Relatedly, the studies had a considerable amount of variability in follow-up time (i.e., from an average of two to almost twelve years). As individuals in each of the studies could have been at different points of clinical progression (and the relationship between CR and progression indicates more rapid decline once onset has occurred for those with high CR; (Stern, 2009)), the differences in follow-up time could have also contributed to our between-study variability. Finally, the current investigation was limited to structural brain measures and CSF pathology, with one study assessing biomarkers post-mortem rather than prospectively. Fruitful areas for future research could also include measures of vascular biomarkers of pathology and how they relate to CR and dementia progression.

Implications and Future Research

We hope that our results spur this burgeoning area of research by incentivizing research groups to develop prospective cohort studies. Specifically, there appears to be little research investigating CR’s influence on incident dementia while taking into account AD neuropathology. At the same time, the concept of CR revolves around the notion that adverse effects of AD neuropathology can be reduced by greater CR. In this context, future research should continue to address the hypothesis that the influence of CR on cognitive and dementia outcomes is modified by the extent of AD neuropathology. For this purpose, longitudinal research that includes measures of neuropathology and lifespan variables, in addition to proper assessment of cognition and dementia status, is needed. Second, most of the current research included only baseline measurements of neuropathology. To further refine knowledge in this area, it is important to test the hypothesis that change in AD neuropathology may better explain the relationship between brain integrity, CR, and dementia progression.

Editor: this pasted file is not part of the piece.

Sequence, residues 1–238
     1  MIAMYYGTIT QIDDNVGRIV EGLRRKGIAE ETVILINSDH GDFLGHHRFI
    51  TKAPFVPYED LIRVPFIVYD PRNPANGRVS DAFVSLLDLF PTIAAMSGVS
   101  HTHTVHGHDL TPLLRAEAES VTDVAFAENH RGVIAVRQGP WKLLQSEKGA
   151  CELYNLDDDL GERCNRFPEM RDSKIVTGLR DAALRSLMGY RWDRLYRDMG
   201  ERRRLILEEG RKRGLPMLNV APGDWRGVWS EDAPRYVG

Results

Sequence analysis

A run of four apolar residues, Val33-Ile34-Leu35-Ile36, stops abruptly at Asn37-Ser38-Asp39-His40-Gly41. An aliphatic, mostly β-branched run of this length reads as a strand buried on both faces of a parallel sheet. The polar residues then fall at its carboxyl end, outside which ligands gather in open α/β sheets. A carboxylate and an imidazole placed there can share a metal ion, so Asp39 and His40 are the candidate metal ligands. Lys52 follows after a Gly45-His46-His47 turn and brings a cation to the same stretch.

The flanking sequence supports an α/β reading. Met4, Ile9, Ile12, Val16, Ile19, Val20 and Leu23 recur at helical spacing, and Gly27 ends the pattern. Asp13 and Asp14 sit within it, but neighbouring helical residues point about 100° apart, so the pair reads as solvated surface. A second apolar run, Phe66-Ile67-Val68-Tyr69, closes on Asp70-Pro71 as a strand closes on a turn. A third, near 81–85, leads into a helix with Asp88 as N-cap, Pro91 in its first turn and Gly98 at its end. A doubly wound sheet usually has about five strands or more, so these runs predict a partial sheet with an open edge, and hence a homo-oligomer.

Third, many of the proxy measurements represented a static measurement of CR, defined by achievement in years of education or a baseline cognitive task, for example. Thus, future studies should examine whether representing CR with environmental factors that can change over time (e.g., social or intellectual engagement, change in cognitive function) strengthen or weaken the CR-AD neuropathology-dementia progression interaction. Relatedly, future research should assess how reductions in these proxies as a result of social distancing orders in response to the COVID-19 pandemic, such as reductions in social activity, may have long-term implications for dementia incidence. Fourth, identifying how aspects of the environment may protect against dementia progression above the effect of neuropathology—that is, identifying the mechanisms through which environmental factors influence cognition— and what is the ideal combination of environmental factors to delay dementia onset can lead to more refined guidelines and interventions aimed at promoting healthy cognitive aging. Fifth, much of the research included in the current review was from a rather homogenous group (i.e., mostly white, highly educated participants). Future research should test whether the interaction of CR, AD neuropathology, and MCI or dementia progression applies to ethnically and racially diverse older adults. Additionally, research should also investigate how CR relates to dementia progression in the context of the novel resistance/resiliency framework proposed by Arenaza-Urquijo and Vemuri (2018; 2020). That is, research should assess whether CR, specifically CR proxies, directly influences accumulation of AD neuropathology. Finally, our results suggest that brain function is only partially dependent on underlying neuropathology. Determining the genetic, biological, and psychosocial characteristics of individuals who experience greater resilience in terms of cognitive performance in the face of neuropathology is a key question that remains to be answered in order to help reduce the burden of dementia on society.